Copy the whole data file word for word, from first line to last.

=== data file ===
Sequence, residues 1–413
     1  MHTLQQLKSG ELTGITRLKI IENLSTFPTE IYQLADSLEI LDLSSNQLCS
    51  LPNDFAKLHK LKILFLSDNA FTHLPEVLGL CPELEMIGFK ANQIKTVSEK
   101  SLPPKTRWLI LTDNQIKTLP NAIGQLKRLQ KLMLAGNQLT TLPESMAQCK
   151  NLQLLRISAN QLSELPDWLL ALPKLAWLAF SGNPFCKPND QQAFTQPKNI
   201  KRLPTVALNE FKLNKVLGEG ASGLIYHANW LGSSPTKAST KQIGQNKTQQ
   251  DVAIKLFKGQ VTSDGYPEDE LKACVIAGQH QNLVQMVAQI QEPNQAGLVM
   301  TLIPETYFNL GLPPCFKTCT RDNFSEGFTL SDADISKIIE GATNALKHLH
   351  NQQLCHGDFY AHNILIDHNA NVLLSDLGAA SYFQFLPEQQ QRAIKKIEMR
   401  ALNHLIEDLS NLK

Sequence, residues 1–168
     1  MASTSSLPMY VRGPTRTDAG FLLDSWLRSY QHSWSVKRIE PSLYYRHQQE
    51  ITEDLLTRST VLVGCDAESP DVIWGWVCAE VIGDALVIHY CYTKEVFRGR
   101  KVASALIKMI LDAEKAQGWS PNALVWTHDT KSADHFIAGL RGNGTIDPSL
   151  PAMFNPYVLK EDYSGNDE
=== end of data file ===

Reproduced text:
Sequence, residues 1–413
     1  MHTLQQLKSG ELTGITRLKI IENLSTFPTE IYQLADSLEI LDLSSNQLCS
    51  LPNDFAKLHK LKILFLSDNA FTHLPEVLGL CPELEMIGFK ANQIKTVSEK
   101  SLPPKTRWLI LTDNQIKTLP NAIGQLKRLQ KLMLAGNQLT TLPESMAQCK
   151  NLQLLRISAN QLSELPDWLL ALPKLAWLAF SGNPFCKPND QQAFTQPKNI
   201  KRLPTVALNE FKLNKVLGEG ASGLIYHANW LGSSPTKAST KQIGQNKTQQ
   251  DVAIKLFKGQ VTSDGYPEDE LKACVIAGQH QNLVQMVAQI QEPNQAGLVM
   301  TLIPETYFNL GLPPCFKTCT RDNFSEGFTL SDADISKIIE GATNALKHLH
   351  NQQLCHGDFY AHNILIDHNA NVLLSDLGAA SYFQFLPEQQ QRAIKKIEMR
   401  ALNHLIEDLS NLK

Sequence, residues 1–168
     1  MASTSSLPMY VRGPTRTDAG FLLDSWLRSY QHSWSVKRIE PSLYYRHQQE
    51  ITEDLLTRST VLVGCDAESP DVIWGWVCAE VIGDALVIHY CYTKEVFRGR
   101  KVASALIKMI LDAEKAQGWS PNALVWTHDT KSADHFIAGL RGNGTIDPSL
   151  PAMFNPYVLK EDYSGNDE